The stock market has declined a lot in the last two days, and the President has implied that it’s the Federal Reserve’s (the Fed’s) fault: the Fed is “so tight” (that is, the Fed is raising interest rates too fast and / or too much), and it is “out of control.”
The Federal Reserve is increasing the interest rate it can directly affect. Known as the Federal Funds rate, it’s the rate at which banks lend to each other.
The chart shows the Federal Funds rate every month since 1962 (in blue), and the Federal Reserve’s own projections about how they plan to increase the rate (in orange). Let’s see what the data say:
- The rate is currently very low, much lower than it has been over much of its history since 1962
- The rate is increasing, but more slowly than in almost any of the Fed’s previous “tightenings” or periods of rate increases.
- The late 1960s
- The early 1970s
- The late 1970s
- The late 1990s
- The early 1990s
- The early 2000s
All had more rapid increases (steeper slopes) than the ones we are experiencing now.
The President might also be concerned that “real” interest rates (interest rates net of inflation) are too high.
The real 10-year Treasury rate tells investors the safe rate of return for the next ten years, and is a good representative of longer-term interest rates. Since 2003, we have a very accurate measure of real 10-year Treasury interest rates. We can simply look at the interest rate on 10-year TIPS (Treasury Inflation Protected Securities – blue line on chart below).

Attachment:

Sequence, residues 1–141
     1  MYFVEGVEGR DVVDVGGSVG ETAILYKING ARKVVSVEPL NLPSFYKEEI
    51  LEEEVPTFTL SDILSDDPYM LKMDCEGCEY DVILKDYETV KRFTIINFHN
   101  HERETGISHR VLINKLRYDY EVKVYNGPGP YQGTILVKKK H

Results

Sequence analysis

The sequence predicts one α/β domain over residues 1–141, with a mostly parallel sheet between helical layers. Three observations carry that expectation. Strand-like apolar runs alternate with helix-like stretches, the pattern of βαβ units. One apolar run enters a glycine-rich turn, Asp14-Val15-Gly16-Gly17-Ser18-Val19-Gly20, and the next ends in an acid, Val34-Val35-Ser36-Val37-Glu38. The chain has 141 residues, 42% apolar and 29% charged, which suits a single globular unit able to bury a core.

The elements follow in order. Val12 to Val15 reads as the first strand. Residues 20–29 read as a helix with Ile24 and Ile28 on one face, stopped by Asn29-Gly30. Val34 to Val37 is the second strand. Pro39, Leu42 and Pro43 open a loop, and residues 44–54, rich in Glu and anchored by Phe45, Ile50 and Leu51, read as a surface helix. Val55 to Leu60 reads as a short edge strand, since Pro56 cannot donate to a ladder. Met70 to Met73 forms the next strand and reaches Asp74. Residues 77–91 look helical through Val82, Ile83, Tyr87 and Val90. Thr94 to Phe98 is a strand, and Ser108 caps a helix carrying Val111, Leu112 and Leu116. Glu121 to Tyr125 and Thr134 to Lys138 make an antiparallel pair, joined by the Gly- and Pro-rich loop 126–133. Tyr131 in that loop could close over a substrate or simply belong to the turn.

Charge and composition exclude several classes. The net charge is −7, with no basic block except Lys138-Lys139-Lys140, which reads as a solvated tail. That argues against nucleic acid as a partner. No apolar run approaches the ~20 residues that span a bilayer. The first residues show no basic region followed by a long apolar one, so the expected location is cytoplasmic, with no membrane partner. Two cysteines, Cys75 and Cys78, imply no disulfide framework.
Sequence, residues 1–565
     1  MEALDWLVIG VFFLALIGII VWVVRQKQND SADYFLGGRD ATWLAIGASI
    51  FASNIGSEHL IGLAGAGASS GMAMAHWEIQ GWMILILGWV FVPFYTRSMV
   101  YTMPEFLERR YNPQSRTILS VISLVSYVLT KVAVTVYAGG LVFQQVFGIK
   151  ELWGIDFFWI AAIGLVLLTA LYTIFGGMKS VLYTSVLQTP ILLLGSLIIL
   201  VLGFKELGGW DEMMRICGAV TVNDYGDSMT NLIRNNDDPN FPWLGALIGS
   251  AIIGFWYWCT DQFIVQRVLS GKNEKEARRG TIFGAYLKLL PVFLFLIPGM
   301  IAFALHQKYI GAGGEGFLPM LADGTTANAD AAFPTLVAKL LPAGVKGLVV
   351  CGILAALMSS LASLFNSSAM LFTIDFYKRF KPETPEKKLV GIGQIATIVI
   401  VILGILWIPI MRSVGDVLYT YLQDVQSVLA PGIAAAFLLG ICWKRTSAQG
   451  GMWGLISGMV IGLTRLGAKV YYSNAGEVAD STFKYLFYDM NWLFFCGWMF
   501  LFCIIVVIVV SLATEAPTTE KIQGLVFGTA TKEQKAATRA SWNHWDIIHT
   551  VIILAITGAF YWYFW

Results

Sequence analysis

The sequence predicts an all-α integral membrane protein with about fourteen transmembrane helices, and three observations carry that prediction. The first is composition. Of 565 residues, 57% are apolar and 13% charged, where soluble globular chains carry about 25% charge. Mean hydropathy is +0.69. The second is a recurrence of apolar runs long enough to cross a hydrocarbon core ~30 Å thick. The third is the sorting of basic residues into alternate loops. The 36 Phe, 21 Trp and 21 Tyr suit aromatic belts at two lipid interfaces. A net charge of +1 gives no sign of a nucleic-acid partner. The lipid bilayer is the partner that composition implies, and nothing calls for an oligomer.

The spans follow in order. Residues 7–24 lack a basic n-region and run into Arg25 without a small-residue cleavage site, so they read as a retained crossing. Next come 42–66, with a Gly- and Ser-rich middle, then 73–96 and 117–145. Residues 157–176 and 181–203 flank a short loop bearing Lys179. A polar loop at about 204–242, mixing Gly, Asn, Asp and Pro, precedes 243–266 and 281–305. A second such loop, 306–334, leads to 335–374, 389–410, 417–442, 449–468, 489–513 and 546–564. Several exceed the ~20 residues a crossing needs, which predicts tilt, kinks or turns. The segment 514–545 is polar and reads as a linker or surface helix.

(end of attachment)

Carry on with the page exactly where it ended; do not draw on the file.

The current real rate is low, not the lowest since 2003, but certainly lower than the rate before the Financial Crisis and the Great Recession.
We don’t have 10-Year TIPS rates before 2003 (or at least, the Federal Reserve data store doesn’t provide them), but we can produce rough estimates by subtracting a one-year rolling average inflation rate from the 10-Year Treasury rate.
The graph illustrates how rough the estimates are (compare the orange dotted line to the blue solid line). Nevertheless, it’s clear that the current 10-Year real rate is very low by historical standards.
Having interest rates that accurately reflect market realities is important for the economy. Interest rates are prices. If they are too low, managers and investors will make investments they shouldn’t. If rates are too high, they won’t make investments they should. In a booming economy, interest rates should be high enough to guide decision-makers to choose only the best investments, the ones that will produce high returns. The Fed is striving to move interest rates in that direction.
Like any politician, the President wants credit for everything good, and wants to find a culprit for everything bad. If the economy can’t prosper with higher interest rates than we have now, it’s not as strong as the President asserts, and the Fed clearly believes. Both may be wrong, but the Fed isn’t “out of control.”